abstract = "Fat-soluble vitamins (FSVs) may prevent or delay bulk lipid oxidation by exerting antioxidant action. However, literature data obtained from storage tests on commercial edible oils do not necessarily confirm a direct correlation between FSV contents of bulk oils and their measured oxidative stability. This, of course, may be predominantly due to their refining history, which can strip them of much of their FSV contents and/or standardize these values. The main goal of this study was to quantify the magnitude of the role of FSVs in hindering commercial edible lipid oxidation. Fatty acid composition and FSV content data were collected on a large mixed set of commercial vegetable oils devoid of added antioxidant stabilizers (n = 123) in order to establish baseline values for these constituents. Next, a random subset of these oils (n = 50) was then subjected to the oil stability index test (OSI at 120 °C), as well as accelerated storage testing over time (60 °C) whilst monitoring a host of classical methodologies used to monitor oxidation progress. A new aggregate parameter (i.e., a sum area under the lipid oxidation curves, or 'All Area') was introduced to better capture the total quantity of primary and secondary oxidation products accumulated in the samples tested over the storage period. Multivariate regression modeling was used to correlate the fatty acid composition of the samples with their oxidative stability data both including and excluding FSV contents in order to determine a magnitude for this relationship. As noted herein, the addition of FSV data improved the fitting of the model from R2Adj. 0.877 to 0.925 using OSI data alone and from R2Adj. 0.938 to 0.960 using the 'All Area' parameter. Correlations between specific FSVs and fatty acid compositional parameters exhibited a strong relationship with lipid category. Furthermore, principal component analysis of FSV contents revealed clustering of lipids based both on lipid category and refining history.",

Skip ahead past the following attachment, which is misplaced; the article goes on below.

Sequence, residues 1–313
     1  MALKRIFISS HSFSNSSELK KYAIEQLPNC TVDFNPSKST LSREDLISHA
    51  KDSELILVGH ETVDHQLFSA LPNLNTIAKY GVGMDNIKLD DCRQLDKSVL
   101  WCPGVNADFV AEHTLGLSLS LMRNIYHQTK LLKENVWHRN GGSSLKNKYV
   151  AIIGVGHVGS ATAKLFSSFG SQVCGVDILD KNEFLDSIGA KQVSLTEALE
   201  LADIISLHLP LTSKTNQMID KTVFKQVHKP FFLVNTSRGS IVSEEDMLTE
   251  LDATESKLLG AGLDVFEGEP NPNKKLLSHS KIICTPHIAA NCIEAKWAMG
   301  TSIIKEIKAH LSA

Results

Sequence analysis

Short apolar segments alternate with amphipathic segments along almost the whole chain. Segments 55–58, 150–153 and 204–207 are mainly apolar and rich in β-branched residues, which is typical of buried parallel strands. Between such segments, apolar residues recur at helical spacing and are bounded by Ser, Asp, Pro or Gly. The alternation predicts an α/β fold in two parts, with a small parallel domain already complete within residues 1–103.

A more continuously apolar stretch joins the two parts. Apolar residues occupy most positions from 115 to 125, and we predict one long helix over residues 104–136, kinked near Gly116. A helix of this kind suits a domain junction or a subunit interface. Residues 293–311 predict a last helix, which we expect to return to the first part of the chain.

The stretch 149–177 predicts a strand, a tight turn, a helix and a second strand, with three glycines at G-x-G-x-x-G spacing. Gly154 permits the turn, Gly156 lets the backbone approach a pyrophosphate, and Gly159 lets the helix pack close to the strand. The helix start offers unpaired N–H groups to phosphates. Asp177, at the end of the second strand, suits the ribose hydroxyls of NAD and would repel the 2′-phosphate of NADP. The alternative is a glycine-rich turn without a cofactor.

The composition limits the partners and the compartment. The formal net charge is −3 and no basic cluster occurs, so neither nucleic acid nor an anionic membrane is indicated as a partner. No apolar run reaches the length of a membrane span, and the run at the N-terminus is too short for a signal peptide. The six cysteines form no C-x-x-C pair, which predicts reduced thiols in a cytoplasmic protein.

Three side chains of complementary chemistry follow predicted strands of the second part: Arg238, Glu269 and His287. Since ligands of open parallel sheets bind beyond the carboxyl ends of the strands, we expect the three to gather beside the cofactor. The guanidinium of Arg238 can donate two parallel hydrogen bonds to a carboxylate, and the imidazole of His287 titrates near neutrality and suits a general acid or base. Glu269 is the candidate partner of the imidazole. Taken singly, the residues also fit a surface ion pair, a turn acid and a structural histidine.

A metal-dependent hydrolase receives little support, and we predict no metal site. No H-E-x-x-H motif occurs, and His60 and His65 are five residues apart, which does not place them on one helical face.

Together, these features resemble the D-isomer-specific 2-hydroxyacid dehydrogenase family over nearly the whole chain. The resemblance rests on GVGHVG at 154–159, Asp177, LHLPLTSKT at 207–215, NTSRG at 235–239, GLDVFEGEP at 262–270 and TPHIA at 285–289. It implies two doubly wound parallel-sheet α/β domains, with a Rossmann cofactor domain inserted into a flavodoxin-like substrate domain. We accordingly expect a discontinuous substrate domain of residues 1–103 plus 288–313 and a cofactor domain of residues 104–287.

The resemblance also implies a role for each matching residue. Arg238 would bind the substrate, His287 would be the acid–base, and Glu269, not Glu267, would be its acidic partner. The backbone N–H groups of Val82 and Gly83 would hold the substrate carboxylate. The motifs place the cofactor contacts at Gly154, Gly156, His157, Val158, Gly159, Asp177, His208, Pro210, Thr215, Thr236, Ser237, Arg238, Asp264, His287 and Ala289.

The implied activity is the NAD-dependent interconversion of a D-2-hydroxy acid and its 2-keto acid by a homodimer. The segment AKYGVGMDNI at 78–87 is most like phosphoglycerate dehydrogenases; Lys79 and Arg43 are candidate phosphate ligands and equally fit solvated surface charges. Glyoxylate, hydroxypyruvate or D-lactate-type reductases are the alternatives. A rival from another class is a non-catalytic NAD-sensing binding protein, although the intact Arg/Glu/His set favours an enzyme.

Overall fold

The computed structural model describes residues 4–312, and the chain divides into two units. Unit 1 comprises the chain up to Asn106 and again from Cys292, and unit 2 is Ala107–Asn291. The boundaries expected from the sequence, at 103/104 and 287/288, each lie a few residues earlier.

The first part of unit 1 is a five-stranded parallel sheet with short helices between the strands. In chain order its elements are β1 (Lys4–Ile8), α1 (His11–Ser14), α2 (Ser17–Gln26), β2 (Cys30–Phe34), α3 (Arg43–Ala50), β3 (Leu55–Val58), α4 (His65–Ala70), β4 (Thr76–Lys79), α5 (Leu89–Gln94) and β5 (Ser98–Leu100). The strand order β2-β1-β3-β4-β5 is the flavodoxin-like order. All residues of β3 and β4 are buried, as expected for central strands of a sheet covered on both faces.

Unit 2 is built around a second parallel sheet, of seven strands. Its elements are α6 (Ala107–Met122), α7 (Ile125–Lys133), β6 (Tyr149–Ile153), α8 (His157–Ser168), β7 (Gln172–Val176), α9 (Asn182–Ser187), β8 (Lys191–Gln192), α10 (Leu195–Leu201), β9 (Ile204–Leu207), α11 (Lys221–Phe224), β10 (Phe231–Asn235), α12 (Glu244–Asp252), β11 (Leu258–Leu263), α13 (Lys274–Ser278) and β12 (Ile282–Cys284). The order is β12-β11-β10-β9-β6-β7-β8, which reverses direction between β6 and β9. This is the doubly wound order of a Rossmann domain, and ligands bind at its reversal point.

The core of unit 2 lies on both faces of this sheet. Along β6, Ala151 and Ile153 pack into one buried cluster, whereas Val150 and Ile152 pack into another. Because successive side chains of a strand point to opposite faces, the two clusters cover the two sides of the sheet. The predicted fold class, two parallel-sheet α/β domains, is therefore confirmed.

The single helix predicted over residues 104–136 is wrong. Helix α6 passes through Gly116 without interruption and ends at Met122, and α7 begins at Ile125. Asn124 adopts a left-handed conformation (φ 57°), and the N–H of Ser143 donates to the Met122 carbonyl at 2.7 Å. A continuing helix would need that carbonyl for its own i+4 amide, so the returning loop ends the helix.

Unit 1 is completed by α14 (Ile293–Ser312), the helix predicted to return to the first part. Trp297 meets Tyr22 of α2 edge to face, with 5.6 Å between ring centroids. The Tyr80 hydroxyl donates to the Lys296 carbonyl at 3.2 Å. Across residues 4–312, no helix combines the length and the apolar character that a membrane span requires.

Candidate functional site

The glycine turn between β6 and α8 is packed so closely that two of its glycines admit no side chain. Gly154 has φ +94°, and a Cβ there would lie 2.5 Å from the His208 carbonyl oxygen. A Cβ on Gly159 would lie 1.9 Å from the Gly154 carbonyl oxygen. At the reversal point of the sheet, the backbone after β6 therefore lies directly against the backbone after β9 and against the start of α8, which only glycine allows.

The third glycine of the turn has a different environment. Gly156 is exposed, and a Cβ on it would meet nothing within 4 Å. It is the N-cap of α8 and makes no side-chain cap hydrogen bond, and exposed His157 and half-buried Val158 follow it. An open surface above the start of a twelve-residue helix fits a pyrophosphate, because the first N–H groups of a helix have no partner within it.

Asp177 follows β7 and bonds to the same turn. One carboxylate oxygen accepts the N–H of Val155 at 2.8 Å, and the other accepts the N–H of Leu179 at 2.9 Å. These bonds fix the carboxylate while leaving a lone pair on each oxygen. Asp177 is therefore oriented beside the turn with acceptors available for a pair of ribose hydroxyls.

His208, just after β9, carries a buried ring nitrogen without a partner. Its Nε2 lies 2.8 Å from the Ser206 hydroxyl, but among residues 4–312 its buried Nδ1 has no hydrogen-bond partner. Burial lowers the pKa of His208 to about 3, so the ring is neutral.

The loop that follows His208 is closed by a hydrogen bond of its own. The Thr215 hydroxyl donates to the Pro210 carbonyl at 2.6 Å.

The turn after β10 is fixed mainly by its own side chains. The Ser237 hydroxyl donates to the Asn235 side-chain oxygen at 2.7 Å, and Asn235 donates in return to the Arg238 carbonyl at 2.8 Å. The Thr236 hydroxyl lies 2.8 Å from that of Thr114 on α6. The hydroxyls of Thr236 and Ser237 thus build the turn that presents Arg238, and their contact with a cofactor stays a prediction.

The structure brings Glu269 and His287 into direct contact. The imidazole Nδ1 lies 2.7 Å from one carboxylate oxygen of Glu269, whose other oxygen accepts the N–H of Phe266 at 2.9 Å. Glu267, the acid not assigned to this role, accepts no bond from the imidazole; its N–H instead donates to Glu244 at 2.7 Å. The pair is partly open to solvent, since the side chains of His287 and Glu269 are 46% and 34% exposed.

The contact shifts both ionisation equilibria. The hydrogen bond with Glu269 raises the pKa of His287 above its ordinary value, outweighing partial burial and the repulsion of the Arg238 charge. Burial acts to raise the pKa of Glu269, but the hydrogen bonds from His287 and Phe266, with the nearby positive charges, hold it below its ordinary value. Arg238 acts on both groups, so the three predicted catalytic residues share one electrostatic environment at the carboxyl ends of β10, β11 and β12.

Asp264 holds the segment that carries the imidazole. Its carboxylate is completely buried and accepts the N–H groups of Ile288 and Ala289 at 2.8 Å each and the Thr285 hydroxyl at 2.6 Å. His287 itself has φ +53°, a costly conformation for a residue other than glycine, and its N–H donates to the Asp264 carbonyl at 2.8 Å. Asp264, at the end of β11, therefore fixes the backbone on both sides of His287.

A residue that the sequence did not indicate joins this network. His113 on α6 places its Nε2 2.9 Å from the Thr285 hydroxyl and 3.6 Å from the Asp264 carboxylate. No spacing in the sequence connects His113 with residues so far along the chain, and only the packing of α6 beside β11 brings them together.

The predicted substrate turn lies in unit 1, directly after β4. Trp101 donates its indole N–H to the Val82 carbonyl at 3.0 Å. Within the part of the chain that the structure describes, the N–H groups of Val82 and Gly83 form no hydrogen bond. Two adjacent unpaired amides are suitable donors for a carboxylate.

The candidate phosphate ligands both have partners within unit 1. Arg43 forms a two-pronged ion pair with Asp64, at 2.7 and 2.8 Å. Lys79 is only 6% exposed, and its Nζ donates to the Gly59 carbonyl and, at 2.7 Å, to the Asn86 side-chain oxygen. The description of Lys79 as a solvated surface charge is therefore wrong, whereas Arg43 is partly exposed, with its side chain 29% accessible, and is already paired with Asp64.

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Modeling the impact of residual fat-soluble vitamin (FSV) contents on the oxidative stability of commercially refined vegetable oils. / Nagy, Kornél; Kerrihard, Adrian L.; Beggio, Maurizio; Craft, Brian D.; Pegg, Ronald B.

In: Food Research International, Vol. 84, 01.06.2016, p. 26-32.

Research output: Contribution to journalArticle

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T1 - Modeling the impact of residual fat-soluble vitamin (FSV) contents on the oxidative stability of commercially refined vegetable oils

AU - Nagy, Kornél

AU - Kerrihard, Adrian L.

AU - Beggio, Maurizio

AU - Craft, Brian D.

AU - Pegg, Ronald B.

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AB - Fat-soluble vitamins (FSVs) may prevent or delay bulk lipid oxidation by exerting antioxidant action. However, literature data obtained from storage tests on commercial edible oils do not necessarily confirm a direct correlation between FSV contents of bulk oils and their measured oxidative stability. This, of course, may be predominantly due to their refining history, which can strip them of much of their FSV contents and/or standardize these values. The main goal of this study was to quantify the magnitude of the role of FSVs in hindering commercial edible lipid oxidation. Fatty acid composition and FSV content data were collected on a large mixed set of commercial vegetable oils devoid of added antioxidant stabilizers (n = 123) in order to establish baseline values for these constituents. Next, a random subset of these oils (n = 50) was then subjected to the oil stability index test (OSI at 120 °C), as well as accelerated storage testing over time (60 °C) whilst monitoring a host of classical methodologies used to monitor oxidation progress. A new aggregate parameter (i.e., a sum area under the lipid oxidation curves, or 'All Area') was introduced to better capture the total quantity of primary and secondary oxidation products accumulated in the samples tested over the storage period. Multivariate regression modeling was used to correlate the fatty acid composition of the samples with their oxidative stability data both including and excluding FSV contents in order to determine a magnitude for this relationship. As noted herein, the addition of FSV data improved the fitting of the model from R2Adj. 0.877 to 0.925 using OSI data alone and from R2Adj. 0.938 to 0.960 using the 'All Area' parameter. Correlations between specific FSVs and fatty acid compositional parameters exhibited a strong relationship with lipid category. Furthermore, principal component analysis of FSV contents revealed clustering of lipids based both on lipid category and refining history.